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Thousands Mourn at Funeral As Martyr Beilis is Laid to Rest

July 10, 1934
See Original Daily Bulletin From This Date

More than 3,000 people stormed Congregation Kahal Adath Jeshurun, Anshe Lutz, at 12 Eldridge street yesterday afternoon to pay their last respects to Mendel Beilis in one of the largest funerals witnessed on the streets of the lower East Side.

Soon after noon people began pouring into Eldridge and Canal streets from all parts of the city. A detail of policemen from the Fifth Precinct under the supervision of Sergeant John Gallo maintained order. Repeatedly the crowd attempted to gain entrance into the synagogue, but police prevented, as the synagogue was not yet opened to the public.

Hats were crushed as the milling mob surged up the stairs of the synagogue as the building was opened soon afterwards. A woman fainted and was quickly revived.


Only a small portion of the throng gained admittance.


Promptly at two the body was brought to the synagogue from the Zion Memorial Chapel. The hearse made its way through the streets of the East Side with a large throng following, while windows of nearby houses were crammed with the curious. Groups peered down from roofs of tenements.

When the casket, draped in black, was carried into the synagogue, all jumped to their feet. The casket was placed in the center of the room. The immediate family seated themselves in an enclosure in front of the pulpit.

David Parness presided over the services. Rabbi Idel Idelson, of the synagogue, conducted the services. Cantor Samuel Kantarof chanted the “El Mole Rachamin,” prayer for the dead.

Speakers reviewed Beilis’ tragic career. They told how he was imprisoned in Russia twenty-three years ago, charged with “ritual murder,” instigated by the Russian government, conducting an anti-Semitic campaign. Beilis, a Kiev brickyard superintendent, was held incommunicado for two years. The public trial of the cause celebre and finally the acquittal were reviewed.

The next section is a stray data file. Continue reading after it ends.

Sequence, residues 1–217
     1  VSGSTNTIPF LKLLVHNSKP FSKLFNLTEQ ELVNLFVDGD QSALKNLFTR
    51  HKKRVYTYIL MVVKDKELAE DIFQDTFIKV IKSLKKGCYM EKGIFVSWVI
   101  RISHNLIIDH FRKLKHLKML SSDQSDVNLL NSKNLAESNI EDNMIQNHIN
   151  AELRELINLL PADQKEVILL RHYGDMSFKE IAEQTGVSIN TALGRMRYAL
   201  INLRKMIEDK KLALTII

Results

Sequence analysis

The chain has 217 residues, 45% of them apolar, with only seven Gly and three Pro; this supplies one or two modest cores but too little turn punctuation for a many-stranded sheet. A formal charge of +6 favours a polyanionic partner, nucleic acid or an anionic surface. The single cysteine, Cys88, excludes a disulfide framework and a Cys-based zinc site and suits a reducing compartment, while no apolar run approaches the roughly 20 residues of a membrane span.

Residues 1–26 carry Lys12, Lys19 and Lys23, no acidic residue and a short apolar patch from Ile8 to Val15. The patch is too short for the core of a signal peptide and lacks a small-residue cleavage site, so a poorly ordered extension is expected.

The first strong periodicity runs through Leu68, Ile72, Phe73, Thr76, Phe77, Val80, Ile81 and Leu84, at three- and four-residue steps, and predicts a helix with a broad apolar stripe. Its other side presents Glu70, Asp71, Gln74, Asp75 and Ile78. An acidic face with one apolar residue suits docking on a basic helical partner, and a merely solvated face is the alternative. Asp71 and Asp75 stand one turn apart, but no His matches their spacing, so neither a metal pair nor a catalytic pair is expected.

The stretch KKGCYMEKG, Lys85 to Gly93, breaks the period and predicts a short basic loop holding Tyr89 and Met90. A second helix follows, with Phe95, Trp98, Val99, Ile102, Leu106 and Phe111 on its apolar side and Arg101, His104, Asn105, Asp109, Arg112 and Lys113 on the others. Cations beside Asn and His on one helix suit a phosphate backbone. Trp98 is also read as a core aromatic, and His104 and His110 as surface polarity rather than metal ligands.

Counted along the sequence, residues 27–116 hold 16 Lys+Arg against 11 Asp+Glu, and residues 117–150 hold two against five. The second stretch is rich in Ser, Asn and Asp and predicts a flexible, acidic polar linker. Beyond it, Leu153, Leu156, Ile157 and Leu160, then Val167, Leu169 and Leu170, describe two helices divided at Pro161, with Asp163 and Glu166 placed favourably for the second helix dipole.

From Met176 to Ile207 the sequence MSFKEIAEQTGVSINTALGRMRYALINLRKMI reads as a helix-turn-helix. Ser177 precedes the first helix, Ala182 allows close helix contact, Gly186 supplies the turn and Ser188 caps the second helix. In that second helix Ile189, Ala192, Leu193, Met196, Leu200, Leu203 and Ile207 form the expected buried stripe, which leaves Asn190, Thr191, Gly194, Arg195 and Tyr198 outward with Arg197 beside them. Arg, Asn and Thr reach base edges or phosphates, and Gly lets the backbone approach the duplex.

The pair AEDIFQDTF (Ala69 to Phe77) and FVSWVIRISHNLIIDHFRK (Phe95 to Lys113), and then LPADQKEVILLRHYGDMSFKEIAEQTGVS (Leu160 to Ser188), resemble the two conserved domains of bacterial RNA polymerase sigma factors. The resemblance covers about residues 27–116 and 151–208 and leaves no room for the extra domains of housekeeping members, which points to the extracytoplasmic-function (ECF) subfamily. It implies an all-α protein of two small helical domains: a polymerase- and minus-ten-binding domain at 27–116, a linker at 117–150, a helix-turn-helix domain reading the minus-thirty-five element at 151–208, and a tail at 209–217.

“His name is holy to Jews throughout the world,” Rabbi Idelson said. With tears streaming down his face he pointed to the weeping family and said, “Don’t think that only the family has lost a dear one. The Jewish people have lost a great man.”

The congregants burst into tears. In the family pew Esther Beilis, wife of the deceased, was on the verge of collapse. She lay crying in the arms of her daughters, May and Ray. The two surviving sons. David and Teddy, stood sobbing in front of the pulpit.

The rabbi told how the Russian government, realizing its mistake, offered a release Beilis secretly but the martyr refused. He demanded a public trial at which his innocence would be proved.

“Beilis is not leaving us now,” Rabbi Idelson continued. “As long as the Jewish people live so long will the spirit of Beilis survive.”


The speaker concluded with a simple eulogy, “He was a fine and true Jew,” he said.

The services over, the crowd moved slowly into the streets where 2,000 awaited patiently. Morris Kulok, who befriended Beilis upon his arrival here six years ago, was in charge of the funeral. He paid all expenses.

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